Dear Ed,
Now that the leaves have fallen, animals in the barn, wood in the shed, the thoughts of all of us out in the countryside turn to one thing ... mail boxes! A sure sign that winter approaches is found in the activity at lane's end as we frantically prepare for the attack of the most dangerous of winter beasts, the snow plow. Amateur psychologists (are there professionals?) can seize the opportunity to discover their neighbour's attitude to life. There is the defensive type, frantically applying florescent tape and painting the box bright yellow - or the traditional bright orange in Jessopville. The cynics among us ask: "Why give the plow driver a better target?"
Life's innovator rises to the challenge by devising a "plow proof" installation. This foolish crowd splits into two basic types. The first are mechanical engineers who hang the box on the end of a cantilevered structure of pipe and wire. These are designed to swing out of the way when hit. Of course this leads to a contest among the drivers to see who can spin the thing all the way around. The second type is the ballistics expert who mounts the box upon a pole in a pail of dirt, designed to be thrown clear by the blade. First prize goes to the driver who wings it over the line fence with the most damage.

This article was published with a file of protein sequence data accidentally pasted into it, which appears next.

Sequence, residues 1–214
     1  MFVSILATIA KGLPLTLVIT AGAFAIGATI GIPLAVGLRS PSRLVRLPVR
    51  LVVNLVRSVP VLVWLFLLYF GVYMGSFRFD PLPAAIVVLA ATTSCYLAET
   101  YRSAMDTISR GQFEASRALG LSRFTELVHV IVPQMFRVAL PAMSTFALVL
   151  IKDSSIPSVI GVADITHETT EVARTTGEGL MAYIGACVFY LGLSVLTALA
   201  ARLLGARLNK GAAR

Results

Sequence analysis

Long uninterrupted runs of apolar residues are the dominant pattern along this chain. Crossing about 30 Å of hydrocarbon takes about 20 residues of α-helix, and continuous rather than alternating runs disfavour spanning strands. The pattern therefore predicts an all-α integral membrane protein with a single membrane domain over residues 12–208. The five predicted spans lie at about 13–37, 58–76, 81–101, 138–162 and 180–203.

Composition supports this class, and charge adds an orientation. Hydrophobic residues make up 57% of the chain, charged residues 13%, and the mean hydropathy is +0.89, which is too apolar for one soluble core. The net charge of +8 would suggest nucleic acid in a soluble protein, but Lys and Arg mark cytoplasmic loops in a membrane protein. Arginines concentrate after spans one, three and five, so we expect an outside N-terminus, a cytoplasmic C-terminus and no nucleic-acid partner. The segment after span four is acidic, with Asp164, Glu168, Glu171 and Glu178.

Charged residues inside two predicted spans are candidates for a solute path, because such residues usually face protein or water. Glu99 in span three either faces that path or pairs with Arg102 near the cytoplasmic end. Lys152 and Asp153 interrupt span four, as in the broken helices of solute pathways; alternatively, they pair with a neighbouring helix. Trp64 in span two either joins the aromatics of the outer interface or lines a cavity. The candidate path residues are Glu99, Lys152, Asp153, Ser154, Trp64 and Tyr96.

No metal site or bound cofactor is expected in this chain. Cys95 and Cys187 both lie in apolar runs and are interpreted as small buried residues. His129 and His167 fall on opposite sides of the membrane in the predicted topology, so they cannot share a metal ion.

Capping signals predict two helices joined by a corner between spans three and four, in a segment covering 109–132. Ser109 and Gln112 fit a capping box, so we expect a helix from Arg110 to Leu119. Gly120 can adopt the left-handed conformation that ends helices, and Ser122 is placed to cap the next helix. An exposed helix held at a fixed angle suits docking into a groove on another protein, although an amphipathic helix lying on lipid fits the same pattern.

Our aggressive type wants to get even, erroneously believing that the plow can be taught a lesson. The less subtle of these spend much of their time trying to convince the Township that a two ton bolder is the ideal mail box post. More clever ones present devices such as welded four inch chain mounted in concrete. Supposedly decorative, this artifact is really designed to wrap around the wing and rip it off the truck. Skilled drivers can wing the box off the top without touching the first link.
Lastly, and sadly, there is the resigned pessimist who believes there is no hope. We sport battered boxes recovered from the dump, nailed onto an old post that's too short for any good use. We just hope it doesn't get hit with the milk cheque inside.
By the way, what will this winter be like? I saw our snowplow driver down at the hockey game the other day. He was sporting a maniacal grin. We are in for lots of snow.